Virus cases up sharply in South Africa, India as inequality stings

Virus cases up sharply in South Africa, India as inequality stings

Saturday, July 11, 2020

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JOHANNESBURG, South Africa (AP) — South Africa's confirmed coronavirus cases have doubled in just two weeks to a quarter-million, andIndiaon Saturday saw its biggest daily spike as its infections passed 800,000.

The surging cases are raising sharp concerns about unequal treatment in the pandemic, as the wealthy hoard medical equipment and use private hospitals and the poor crowd into overwhelmed public facilities.

Globally more than 12.5 million people have been infected by the virus and over 560,000 have died, according to data compiled by Johns Hopkins University. Experts say the pandemic's true toll is much higher due to testing shortages, poor data collection in some nations and other issues.

Some of the worst-affected countries are among the world's most unequal.South Africaleads them all on that measure, with the pandemic exposing the gap in care.

In Johannesburg, the epicentre of South Africa's outbreak, badly needed oxygen concentrators that help COVID-19 patients who are struggling to breathe are hard to find as private businesses and individuals are buying them up, a public health specialist volunteering at a field hospital, Lynne Wilkinson, told The Associated Press.

Meanwhile, South Africa's public hospitals are short on medical oxygen — and they are now seeing a higher proportion of deaths than private ones, the National Institute for Communicable Diseases says.

South Africa now has more than 250,000 confirmed coronavirus cases, including more than 3,800 deaths. To complicate matters, the country's troubled power utility has announced new electricity cuts in the dead of winter as a cold front brings freezing weather. Many of the country's urban poor live in shacks of scrap metal and wood.

And in Kenya, some have been outraged by a local newspaper report that says several governors have installed intensive care unit equipment in their homes. The country lost its first doctor to COVID-19 this week.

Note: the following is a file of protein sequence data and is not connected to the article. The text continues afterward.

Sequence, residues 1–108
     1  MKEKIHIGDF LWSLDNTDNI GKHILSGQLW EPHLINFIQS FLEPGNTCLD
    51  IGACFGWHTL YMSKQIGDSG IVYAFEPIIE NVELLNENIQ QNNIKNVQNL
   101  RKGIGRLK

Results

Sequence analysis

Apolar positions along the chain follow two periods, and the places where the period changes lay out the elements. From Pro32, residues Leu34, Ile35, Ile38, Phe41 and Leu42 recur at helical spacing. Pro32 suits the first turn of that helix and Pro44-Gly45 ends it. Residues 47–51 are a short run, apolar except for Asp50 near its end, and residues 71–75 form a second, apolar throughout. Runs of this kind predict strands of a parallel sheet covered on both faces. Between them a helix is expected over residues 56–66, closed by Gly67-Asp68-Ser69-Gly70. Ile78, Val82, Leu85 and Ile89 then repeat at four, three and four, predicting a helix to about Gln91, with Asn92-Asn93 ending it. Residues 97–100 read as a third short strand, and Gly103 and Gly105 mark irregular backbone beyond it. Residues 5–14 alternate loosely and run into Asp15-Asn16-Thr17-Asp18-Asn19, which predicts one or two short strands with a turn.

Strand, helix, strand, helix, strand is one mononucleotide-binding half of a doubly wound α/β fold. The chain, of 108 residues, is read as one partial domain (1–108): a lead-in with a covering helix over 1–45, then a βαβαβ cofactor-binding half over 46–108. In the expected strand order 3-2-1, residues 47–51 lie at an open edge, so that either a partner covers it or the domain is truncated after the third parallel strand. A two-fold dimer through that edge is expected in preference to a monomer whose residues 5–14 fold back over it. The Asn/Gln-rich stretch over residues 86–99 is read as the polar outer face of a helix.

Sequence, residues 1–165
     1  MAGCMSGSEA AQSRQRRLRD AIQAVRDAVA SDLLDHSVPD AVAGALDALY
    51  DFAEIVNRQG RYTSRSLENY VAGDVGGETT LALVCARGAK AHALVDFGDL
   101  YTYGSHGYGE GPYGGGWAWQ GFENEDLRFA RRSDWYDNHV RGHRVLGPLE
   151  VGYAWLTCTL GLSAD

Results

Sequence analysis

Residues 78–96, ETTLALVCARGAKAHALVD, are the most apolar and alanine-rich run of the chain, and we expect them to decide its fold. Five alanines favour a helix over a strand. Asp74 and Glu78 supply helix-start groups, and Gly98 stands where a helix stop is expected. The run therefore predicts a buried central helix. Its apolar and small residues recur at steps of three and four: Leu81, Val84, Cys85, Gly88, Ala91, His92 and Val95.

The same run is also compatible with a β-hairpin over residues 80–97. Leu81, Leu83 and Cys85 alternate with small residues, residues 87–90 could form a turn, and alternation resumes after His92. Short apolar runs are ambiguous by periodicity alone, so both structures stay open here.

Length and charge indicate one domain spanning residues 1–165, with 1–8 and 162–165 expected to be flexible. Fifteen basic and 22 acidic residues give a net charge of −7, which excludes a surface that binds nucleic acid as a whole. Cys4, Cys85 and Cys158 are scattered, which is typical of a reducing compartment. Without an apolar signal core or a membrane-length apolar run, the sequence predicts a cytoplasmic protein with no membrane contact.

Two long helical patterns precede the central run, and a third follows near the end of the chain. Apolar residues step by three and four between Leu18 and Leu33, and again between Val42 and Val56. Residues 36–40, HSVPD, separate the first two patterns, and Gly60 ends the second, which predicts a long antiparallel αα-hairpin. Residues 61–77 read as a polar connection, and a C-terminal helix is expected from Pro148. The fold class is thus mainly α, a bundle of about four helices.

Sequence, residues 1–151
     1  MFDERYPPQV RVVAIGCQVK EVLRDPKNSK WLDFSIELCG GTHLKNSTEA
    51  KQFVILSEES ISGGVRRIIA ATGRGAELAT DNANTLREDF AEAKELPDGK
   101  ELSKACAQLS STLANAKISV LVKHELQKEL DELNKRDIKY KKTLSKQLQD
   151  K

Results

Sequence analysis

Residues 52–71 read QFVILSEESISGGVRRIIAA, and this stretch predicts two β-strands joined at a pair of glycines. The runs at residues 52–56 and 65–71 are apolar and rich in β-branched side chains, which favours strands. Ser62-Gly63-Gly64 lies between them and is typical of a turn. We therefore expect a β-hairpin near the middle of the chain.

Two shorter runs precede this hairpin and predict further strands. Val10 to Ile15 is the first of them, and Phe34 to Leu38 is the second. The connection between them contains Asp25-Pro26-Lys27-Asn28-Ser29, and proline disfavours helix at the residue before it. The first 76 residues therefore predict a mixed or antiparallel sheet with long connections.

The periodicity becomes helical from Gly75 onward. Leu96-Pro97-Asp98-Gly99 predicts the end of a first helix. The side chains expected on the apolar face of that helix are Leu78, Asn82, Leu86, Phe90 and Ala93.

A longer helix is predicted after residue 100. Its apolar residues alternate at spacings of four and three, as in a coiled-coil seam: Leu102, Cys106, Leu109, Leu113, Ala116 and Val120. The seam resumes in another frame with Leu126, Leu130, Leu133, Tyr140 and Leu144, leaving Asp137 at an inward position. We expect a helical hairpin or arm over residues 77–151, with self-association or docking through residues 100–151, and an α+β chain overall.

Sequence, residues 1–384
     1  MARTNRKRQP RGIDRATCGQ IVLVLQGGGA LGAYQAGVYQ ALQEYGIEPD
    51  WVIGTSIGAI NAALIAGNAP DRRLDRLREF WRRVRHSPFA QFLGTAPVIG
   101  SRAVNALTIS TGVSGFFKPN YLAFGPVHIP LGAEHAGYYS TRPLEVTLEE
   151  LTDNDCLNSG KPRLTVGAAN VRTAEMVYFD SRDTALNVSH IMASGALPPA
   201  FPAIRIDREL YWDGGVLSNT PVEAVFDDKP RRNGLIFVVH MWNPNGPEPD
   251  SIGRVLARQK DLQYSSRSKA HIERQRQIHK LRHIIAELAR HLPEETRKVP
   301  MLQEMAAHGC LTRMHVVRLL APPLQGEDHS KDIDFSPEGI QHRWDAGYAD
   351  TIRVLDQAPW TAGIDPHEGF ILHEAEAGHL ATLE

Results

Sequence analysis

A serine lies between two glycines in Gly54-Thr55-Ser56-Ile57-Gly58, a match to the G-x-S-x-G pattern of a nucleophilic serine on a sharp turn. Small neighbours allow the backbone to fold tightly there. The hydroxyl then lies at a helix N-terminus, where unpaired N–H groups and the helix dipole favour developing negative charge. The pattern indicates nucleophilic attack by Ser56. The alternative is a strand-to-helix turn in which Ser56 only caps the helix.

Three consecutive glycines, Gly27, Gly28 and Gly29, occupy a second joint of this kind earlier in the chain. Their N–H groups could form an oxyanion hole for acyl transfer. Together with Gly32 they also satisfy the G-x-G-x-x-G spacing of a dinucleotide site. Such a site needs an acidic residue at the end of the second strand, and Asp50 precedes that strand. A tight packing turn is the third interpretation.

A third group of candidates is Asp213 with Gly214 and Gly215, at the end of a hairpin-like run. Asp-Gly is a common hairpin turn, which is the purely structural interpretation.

“The welfare, occupational safety & health of frontline workers is a non-negotiable minimum!!” the Kenya Medical Practitioners, Pharmacists and Dentists Union tweeted after her death. On Saturday, the union and other medical groups urged President Uhuru Kenyatta to implement a promised compensation package to ease the “anxiety and fear that has now gripped health care workers".

More than 8,000 health workers across Africa have been infected, half of them in South Africa. The continent of 1.3 billion has the world's lowest levels of health staffing and more than 550,000 cases, and the pandemic is reaching “full speed," the Africa Centers for Disease Control and Prevention says.

Many parts of the world are facing fresh waves of infections as they try to reopen their economies.

In India, which reported a new daily high of 27,114 cases on Saturday, nearly a dozen states have imposed a partial lockdown in high-risk areas. Cases jumped from 600,000 to more than 800,000 in nine days. People arepacking India's public hospitals as many are unable to afford private onesthat generally uphold higher standards of care.

Indian Prime Minister Narendra Modi urged top officials to improve infection testing and tracking, especially in states with high positivity rates.


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